I know it can be especially hard to quit when you’re in the military because it’s been part of the culture for a long time. I started smoking in my 20s, after I joined the Navy. I was more of a casual smoker then, but when I was out to sea, I definitely smoked more. The only time you really got a break back then was to head to the smoke deck, which led to my dipping/chewing all the time.
I also know that even after you quit, you can relapse. I’d chewed off and on since I was a teenager and I would quit for years at a time. I had quit for my family in my late 20s, but I started again when I went to physician assistant (PA) school. I was stressed and tired. There’s a comfort to just putting in a dip, having the nicotine go to work and you’re calm.
After PA school, I went with the Marines and chewing tobacco is rampant, making it hard to quit. Being a battalion surgeon, running a Battalion Aid Station (BAS), managing 63 corpsmen, and dealing with leadership was stressful. That can make you fall back onto your crutch, like using tobacco. And then, when you’re constantly surrounded by tobacco, it can be that much harder to quit.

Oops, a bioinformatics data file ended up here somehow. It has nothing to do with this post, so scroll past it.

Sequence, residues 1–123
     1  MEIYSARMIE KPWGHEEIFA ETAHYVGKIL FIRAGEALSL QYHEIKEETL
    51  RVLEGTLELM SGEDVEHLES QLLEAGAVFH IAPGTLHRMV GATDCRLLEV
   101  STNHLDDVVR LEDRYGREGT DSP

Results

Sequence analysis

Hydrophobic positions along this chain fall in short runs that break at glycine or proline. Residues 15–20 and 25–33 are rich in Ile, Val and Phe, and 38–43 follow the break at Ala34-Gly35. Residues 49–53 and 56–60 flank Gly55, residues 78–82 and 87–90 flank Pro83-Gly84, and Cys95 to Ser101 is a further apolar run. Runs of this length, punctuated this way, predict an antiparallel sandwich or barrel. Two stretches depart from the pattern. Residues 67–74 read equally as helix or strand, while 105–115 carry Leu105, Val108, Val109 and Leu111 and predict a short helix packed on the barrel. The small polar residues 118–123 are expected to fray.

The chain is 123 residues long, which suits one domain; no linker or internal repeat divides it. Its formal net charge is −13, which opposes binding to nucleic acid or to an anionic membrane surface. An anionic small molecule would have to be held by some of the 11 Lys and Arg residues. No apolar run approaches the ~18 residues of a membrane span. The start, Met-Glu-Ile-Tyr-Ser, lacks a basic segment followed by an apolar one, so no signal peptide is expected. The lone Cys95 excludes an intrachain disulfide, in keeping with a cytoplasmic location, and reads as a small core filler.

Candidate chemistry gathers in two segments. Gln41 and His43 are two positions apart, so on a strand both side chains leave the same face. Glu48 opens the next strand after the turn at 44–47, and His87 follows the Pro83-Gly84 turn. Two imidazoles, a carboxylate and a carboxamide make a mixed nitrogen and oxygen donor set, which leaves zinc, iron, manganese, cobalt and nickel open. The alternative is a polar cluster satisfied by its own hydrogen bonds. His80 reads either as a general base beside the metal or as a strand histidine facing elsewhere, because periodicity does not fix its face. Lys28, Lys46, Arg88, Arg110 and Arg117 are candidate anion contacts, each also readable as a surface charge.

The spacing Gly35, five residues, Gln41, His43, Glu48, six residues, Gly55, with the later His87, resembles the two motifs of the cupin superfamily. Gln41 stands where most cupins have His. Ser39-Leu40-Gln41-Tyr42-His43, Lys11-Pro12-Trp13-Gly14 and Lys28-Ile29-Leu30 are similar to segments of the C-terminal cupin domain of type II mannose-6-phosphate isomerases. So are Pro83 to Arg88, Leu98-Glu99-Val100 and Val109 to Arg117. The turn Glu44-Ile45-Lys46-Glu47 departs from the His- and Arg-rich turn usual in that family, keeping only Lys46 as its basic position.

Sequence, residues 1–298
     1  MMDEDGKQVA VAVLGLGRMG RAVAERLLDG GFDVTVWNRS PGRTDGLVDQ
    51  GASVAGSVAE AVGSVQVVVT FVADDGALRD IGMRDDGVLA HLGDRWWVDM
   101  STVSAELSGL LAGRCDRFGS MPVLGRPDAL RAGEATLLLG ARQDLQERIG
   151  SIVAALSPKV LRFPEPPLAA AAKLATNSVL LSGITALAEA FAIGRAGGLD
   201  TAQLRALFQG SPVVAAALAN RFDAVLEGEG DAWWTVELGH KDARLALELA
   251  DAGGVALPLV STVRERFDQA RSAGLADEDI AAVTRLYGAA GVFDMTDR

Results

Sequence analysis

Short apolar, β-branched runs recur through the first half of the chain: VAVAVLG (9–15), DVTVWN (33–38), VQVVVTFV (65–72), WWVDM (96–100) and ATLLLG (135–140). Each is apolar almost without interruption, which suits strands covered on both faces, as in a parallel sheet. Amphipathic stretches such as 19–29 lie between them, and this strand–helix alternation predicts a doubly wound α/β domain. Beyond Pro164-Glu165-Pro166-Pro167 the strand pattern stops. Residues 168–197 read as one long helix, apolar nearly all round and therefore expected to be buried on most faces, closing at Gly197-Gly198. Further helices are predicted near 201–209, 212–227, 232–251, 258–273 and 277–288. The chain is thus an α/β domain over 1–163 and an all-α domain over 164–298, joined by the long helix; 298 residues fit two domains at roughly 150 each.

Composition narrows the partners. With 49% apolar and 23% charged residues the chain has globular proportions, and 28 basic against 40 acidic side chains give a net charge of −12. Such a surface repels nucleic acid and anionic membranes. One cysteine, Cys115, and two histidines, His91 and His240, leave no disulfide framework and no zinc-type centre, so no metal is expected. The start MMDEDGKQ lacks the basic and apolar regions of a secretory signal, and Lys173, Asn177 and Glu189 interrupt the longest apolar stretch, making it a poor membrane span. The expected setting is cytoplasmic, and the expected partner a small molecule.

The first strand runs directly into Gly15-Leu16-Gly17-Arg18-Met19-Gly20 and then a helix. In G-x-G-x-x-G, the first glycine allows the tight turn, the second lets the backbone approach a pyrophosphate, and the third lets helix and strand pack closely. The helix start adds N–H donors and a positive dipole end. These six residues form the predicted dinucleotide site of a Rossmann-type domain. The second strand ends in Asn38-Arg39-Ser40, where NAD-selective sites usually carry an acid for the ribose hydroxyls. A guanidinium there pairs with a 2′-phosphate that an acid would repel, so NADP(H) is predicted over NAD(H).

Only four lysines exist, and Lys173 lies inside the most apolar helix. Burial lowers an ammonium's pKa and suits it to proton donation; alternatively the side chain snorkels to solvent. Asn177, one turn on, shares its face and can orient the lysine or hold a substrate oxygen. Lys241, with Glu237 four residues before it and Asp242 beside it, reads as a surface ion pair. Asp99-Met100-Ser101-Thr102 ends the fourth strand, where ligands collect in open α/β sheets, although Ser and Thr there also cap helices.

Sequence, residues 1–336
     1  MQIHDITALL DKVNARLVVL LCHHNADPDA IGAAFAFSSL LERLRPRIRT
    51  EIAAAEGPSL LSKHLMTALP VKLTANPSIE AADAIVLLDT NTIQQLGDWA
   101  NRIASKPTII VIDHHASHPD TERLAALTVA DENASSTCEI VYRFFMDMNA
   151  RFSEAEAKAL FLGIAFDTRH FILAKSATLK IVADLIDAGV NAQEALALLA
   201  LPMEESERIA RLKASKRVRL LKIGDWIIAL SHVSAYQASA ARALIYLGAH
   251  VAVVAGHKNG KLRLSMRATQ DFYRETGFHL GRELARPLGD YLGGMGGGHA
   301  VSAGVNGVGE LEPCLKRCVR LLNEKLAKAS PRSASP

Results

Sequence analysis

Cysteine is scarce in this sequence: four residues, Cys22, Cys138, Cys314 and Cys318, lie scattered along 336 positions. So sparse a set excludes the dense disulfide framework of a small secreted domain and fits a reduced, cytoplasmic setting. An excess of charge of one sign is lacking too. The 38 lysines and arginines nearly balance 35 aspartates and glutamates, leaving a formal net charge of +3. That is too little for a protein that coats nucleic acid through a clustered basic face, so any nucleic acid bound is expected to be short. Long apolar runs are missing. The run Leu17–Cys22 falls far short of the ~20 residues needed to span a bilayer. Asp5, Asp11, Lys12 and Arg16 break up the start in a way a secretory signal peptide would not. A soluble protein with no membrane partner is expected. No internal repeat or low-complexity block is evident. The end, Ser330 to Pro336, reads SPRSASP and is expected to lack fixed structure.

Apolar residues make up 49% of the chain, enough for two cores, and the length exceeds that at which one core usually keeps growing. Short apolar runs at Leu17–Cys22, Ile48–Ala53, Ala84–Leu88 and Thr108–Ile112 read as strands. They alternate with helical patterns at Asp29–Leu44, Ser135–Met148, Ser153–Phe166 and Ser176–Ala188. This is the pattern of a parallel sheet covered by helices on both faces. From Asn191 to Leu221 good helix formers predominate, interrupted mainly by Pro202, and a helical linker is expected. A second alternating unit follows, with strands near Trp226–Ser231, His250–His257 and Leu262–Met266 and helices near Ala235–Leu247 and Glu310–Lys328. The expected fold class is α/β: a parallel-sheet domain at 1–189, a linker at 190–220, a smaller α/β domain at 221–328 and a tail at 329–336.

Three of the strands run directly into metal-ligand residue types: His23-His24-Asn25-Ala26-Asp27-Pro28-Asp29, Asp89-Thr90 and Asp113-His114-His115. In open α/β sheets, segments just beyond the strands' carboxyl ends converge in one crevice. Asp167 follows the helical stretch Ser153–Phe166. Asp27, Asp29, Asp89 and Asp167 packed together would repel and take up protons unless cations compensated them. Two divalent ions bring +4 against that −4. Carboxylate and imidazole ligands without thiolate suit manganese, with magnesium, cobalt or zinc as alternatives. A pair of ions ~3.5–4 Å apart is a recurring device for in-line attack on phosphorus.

But I did quit. When I came back from my second deployment, I decided that I was done with tobacco. For me, quitting smoking wasn’t hard, but chewing tobacco was a different story. You get that oral fixation, the need or habit of having something in your mouth. Not having that comfort was probably the most difficult thing. But there are many benefits to quitting—I don’t have to pay for it anymore, I don’t have nasty, dirty dip bottles laying around, and I don’t feel like an addict when I’m somewhere that you can’t chew and you start feeling like you’ve got to have it. Because make no mistake, nicotine is a drug and it’s very addicting. You develop a mental and physiological dependency on it.
I’ve been tobacco-free for over two years now and I have no desire, no temptation, to ever use it again. Anyone can quit, you just need to find your motivation and prepare for it.
For anyone looking to quit, I’d like to offer the following advice:
- Protect your environment—if you’re with a group of friends who start smoking or put in a dip, walk away.
- Plan ahead—bring celery sticks, sugar-free candies or gum, or fruit to put in your mouth if you’re a chewer.
- Carry a pencil to twirl around, something to do with your hands and fingers if you were a smoker.
- Commit to it—the decision to quit is lifelong.
- Make the decision, get your family and friends to support you, and do it.
- Talk to your doc—they can help you come up with a treatment plan and prescribe a nicotine replacement therapy that’s right for you.
- Find a tobacco cessation program—there are programs just about everywhere you go in the Navy and Marine Corps and your health care provider should be able to point you in the right direction.